Reply by: buschwacker Posted: Aug. 9, 8:30:30 PM Points: 0
We fly to Alaska every year for Steelhead. i take all my fishing tackle in a carry on. Have never had an issue. Pliers and the like go in checked but all reels, flies (up to a size 1/0 steamer), tippet and rods are carried on. Per TSA:
Fishing pole Carry On Bags: Yes Checked Bags: Yes Fishing rods are permitted in carry-on and checked bags however, passengers should check with the airline to confirm that the fishing rod fits within size limitations for carry-on items.
Sharp fishing tackle that may be considered dangerous, such as large fish hooks, should be sheathed, securely wrapped, and packed in your checked bags. Like other high-value objects, you may wish to pack expensive reels or fragile tackle that does not pose a security threat (small flies) in your carry-on bags.
Reply by: Abel1 Posted: Aug. 14, 8:52:29 AM Points: 328
How about leaving the fishing gear at home and driving up the road to Westport? There you can hop on one of several bottom fishing trips for next to nothing. They offer both morning and afternoon trips and provide everything. You could probably even get on an over nighter for Tuna but they're a little more expensive. These trips are well worth the money in my opinion. You'll have a great time unless you get seasick. Take Dramamine before you leave the dock. Fishing from shore is possible but the inflow from the waves will keep you busy casting. Good luck whatever you do. It's a great place.
Reply by: FXA0 Posted: Aug. 14, 9:43:50 AM Points: 162
For me, the benefits of bringing your own gear are as follows: 1. You get to use your own gear. Gear offered on the party trips are usually bottom quality. Even the gear on private fishing charters are often just passable. 2. You know you have what you need and don't have to go look for it. I ran out of jerkbaits on my trip to Florida this year because my buddies didn't pack any, so they helped me lose all but a couple of to jerkbaits I had brought. We went looking for jerkbaits at 3 tackle shops. Only the Basspro in Islamorada had passable jerkbaits.
If you don't mind #1 above and know you can just buy what you need at your destination, then it's probably not worth carrying your own gear. For most people, investing in a decent travel rod does not make financial sense anyway. However, you would most likely end up paying more by buying on location and not bringing leftover back. For example, you buy a pack of hooks, use a few and don't bring the leftover back because the reason why you didn't bring hooks in the first place was because you didn't want to bring hooks onboard. But that's probably a minor price to pay for convenience.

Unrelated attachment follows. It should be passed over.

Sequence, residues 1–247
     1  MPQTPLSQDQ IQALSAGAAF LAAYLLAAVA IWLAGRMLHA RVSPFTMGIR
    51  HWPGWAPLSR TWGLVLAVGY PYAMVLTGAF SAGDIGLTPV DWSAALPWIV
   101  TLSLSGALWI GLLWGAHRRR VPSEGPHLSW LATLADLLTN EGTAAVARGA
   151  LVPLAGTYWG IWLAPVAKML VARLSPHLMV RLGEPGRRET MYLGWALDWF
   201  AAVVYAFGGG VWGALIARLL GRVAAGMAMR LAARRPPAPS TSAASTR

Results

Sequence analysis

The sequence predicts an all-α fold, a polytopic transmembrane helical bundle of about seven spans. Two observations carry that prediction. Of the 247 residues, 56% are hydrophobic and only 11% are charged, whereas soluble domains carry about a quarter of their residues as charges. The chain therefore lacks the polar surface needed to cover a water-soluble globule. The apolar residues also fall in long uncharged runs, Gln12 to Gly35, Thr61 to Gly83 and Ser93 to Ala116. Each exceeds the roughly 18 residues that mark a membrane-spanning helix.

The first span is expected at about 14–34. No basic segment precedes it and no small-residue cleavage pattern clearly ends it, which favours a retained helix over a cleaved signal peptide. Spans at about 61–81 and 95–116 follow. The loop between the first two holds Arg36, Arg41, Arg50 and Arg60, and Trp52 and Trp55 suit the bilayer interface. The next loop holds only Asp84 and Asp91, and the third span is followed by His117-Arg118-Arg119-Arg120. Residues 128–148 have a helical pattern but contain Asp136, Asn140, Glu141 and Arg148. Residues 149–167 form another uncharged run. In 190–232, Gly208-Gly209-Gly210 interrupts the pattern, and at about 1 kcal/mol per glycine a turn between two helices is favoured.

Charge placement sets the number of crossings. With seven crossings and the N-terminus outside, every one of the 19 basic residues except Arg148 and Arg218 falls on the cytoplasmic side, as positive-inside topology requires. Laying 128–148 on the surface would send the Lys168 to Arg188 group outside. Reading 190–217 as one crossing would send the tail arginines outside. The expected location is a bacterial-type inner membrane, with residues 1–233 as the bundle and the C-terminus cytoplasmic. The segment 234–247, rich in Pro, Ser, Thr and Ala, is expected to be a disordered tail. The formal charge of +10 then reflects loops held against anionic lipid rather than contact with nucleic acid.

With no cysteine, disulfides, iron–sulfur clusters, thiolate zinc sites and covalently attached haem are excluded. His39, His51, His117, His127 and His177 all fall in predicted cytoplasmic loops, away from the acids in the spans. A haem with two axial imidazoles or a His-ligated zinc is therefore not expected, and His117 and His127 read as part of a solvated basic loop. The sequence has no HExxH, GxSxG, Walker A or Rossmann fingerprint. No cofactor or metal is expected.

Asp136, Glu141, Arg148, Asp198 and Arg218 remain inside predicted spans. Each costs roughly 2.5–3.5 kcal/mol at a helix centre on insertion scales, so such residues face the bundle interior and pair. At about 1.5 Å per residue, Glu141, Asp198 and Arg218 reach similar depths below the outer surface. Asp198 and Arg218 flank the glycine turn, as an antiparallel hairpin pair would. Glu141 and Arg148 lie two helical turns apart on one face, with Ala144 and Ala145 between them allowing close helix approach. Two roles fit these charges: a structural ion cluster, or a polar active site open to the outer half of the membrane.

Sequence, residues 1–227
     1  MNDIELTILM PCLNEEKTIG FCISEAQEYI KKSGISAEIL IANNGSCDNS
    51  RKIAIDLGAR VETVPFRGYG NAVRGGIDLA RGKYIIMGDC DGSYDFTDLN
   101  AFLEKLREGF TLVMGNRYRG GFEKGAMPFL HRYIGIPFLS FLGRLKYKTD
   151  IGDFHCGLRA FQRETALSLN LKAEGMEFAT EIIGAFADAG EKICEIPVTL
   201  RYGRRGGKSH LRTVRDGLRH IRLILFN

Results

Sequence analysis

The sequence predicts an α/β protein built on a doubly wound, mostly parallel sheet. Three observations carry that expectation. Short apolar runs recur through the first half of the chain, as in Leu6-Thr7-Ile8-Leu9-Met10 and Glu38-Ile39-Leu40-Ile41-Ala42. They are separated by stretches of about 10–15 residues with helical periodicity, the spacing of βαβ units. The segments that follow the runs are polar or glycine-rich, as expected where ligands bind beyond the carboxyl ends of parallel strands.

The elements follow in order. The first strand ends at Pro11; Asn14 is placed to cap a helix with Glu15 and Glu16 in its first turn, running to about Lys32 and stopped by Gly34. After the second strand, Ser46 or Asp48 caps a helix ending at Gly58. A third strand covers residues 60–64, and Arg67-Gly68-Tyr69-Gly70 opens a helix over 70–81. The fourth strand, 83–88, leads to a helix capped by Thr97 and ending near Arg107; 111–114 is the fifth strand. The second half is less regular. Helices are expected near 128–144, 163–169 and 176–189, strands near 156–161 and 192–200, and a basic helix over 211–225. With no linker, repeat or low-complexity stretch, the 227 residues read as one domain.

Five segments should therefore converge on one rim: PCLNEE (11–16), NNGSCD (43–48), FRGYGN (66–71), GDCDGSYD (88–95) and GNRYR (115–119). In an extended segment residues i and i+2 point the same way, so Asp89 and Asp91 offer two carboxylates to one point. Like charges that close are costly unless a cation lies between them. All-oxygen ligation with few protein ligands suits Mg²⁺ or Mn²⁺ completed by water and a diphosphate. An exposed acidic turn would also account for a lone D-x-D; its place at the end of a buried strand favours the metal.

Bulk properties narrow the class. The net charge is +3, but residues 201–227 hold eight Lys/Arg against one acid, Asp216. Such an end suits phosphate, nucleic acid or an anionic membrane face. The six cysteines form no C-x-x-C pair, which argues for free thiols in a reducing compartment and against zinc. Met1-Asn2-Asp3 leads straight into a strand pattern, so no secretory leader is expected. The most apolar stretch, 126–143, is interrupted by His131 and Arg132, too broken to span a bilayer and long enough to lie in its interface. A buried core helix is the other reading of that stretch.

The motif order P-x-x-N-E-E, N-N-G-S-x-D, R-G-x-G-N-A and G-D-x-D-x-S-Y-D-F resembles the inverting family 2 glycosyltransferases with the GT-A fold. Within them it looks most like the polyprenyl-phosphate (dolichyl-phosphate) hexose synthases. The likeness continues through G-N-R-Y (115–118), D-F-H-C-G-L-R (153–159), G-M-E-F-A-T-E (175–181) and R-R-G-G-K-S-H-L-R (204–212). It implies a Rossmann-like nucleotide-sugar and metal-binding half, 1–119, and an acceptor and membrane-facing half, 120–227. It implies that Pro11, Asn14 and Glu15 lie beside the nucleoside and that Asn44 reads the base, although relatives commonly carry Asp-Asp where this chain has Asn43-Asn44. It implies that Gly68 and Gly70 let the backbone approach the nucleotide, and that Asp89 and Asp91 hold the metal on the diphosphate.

Reply by: shiverfix Posted: Aug. 14, 10:31:23 AM Points: 3441
FXA0, I agree with you to a point. I am someone who nearly always brings at a minimum a rod and reel with me. I have a fair amount of gear that was purchased for specific trips (heavy rods, large capacity reels, lures, etc...) however, that isn't always reasonable for someone to do. Someone's Colorado gear likely isn't going to be suitable for dropping a couple hundred feet for halibut or ling cod. However, it would probably be fine fishing the jetties for sea bass, rockfish. and perch. If I were going to go out on the party boat, I'd bring the gear for fishing the jetties and surf, but would likely just use the gear on the party boat.
Reply by: FXA0 Posted: Aug. 14, 11:07:52 AM Points: 162
^ I am not sure we disagree at all. I was just saying that I bring my own gear, while agreeing with other people that it may be more convenient and/or financially sensible to just get what you need there, or use what's available there.
Reply by: Goosehunter82 Posted: Aug. 15, 6:29:52 AM Points: 46896
Since it's not a fishing trip check out the under ground tour in Seattle. It's pretty cool. Also if you plan to go to pikes market make sure it's not a turn around day for cruse ships. That can add about 6k people to the area. There baseball stadium is also super nice if that's your thing.
Reply by: Abel1 Posted: Aug. 15, 7:25:44 AM Points: 328
Take your wife to the top of the Space Needle and start off with one of those Cougar Gold Cheese Omelets. Then head over to the Music Experience. Stop by Pikes Place Market and Ivars for lunch then take the ferri across to Blake Island and Tillicum Village for a little tribal experience and a salmon dinner cooked over an open fire. Then head back to Seattle. The Seattle skyline from the water at night is incredible. I spent 10 years vacationing there and worked in my free time. Or so it seemed like it. What a great place.